• Civilization 7 has been announced. For more info please check the forum here .

From King to Emperor - ouch

Horizons

Needing fed again!
Joined
Feb 22, 2007
Messages
1,484
Location
UK
Using standard settings, no mods, Gathering storm.

Can win comfortably on King under most circumstances (9 out of 10).

So tried Emperor. Yee-ikes. The difference in difficulty is absolutely enormous. The AI has unbelievable numbers of units and hems me right in with settlers left and right.

Any tips? Any good Youtube videos that specifically cover the process of going from King to Emperor? :)
 
depending on how close your neighbours are I would generally always go scout (or slinger) and then settler as soon as pop 2.
I find it’s always important to have that second city.

As for YouTube streamers, the ones I l think are best are
- TheGameMechanic
- Omega Alden
- PotatoMcWhiskey
- The Saxy Gamer
- Broyar

They all play on deity but it doesn’t matter much. Deity is just emperor with even more bonuses to the AI
Especially Potato and Saxy have some tips and tricks videos and leader spotlights and that kind of thing besides actual games
 
You generally want to refine your early game. Try to settle your first cities near a 2+ food/1+ production tile; even if it means founding a weaker city overall. Work towards things you need right now. Until you get more established on this difficulty level, don't build wonders or found religions without good reason.

You will generally be behind in the early game because of AI bonuses but this is fine.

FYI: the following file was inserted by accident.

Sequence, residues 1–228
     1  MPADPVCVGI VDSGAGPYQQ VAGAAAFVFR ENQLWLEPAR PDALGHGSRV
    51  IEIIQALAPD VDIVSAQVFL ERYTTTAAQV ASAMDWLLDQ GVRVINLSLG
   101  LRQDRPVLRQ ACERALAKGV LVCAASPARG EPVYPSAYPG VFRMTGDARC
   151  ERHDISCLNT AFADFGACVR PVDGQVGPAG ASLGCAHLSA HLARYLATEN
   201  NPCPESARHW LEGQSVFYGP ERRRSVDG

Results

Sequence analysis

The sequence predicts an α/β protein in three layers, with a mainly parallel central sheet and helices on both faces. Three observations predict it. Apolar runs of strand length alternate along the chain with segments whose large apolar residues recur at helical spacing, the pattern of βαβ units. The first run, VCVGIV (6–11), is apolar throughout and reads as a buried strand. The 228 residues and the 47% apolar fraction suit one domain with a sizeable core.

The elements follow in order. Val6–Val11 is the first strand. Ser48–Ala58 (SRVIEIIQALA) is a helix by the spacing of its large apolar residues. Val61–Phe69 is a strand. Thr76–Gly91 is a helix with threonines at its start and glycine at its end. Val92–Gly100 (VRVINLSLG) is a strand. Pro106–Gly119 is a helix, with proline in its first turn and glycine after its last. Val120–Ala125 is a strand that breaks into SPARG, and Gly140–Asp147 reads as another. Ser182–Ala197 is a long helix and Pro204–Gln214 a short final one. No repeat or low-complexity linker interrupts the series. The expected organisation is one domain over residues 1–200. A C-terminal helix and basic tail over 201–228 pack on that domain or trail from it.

King to Emperor is the biggest step in difficulties since the AI gets an extra settler and the AI is quite aggressive in the early game. However it is fairly easy to hold of an attack with a few warriors and archers. Claiming land is first priority so get your settler production going. Learn the best approach that suits you best.
If you want to keep the peace with your neighbours don't agree to share knowledge about each other's city location unless the AI already discovered it. To try to keep the peace you want to send delegation to your neighbour AI for them to like you enough to not going into war (this is of course not a guarantee).
Coming from King to Emperor can be quite frustrating because you feel you are falling behind on culture and science if you are used to King. You must keep in mind that alot of the early things you do has a snowball effect so you need to be patient and accept you will not lead all victory conditions from turn 1.
You should also learn to use policy cards alot more than you probably was used to on King difficulty. Having the right cards in place for things you are producing is quite important as it will save you loads of hammer costs. So practice timing the cards you need.
Also, you should only go for techs/civics that you actually need. Some production costs scale with the numbers of techs/civics you've researched so it's quite important.
Early Eurekas is also quite important so practice in getting them.


Either that or just start early war and take the neighbours cities, which is the boring solution in my opinion.
 
The biggest tip is do not finish districts apart from 1-2 for eureka/inspirations until you get 5 charge builders at Feudalism, get settlers out/conquer instead.
Finishing districts slows down your expansion phase.
 
Using standard settings, no mods, Gathering storm.

Can win comfortably on King under most circumstances (9 out of 10).

So tried Emperor. Yee-ikes. The difference in difficulty is absolutely enormous. The AI has unbelievable numbers of units and hems me right in with settlers left and right.

Any tips? Any good Youtube videos that specifically cover the process of going from King to Emperor? :)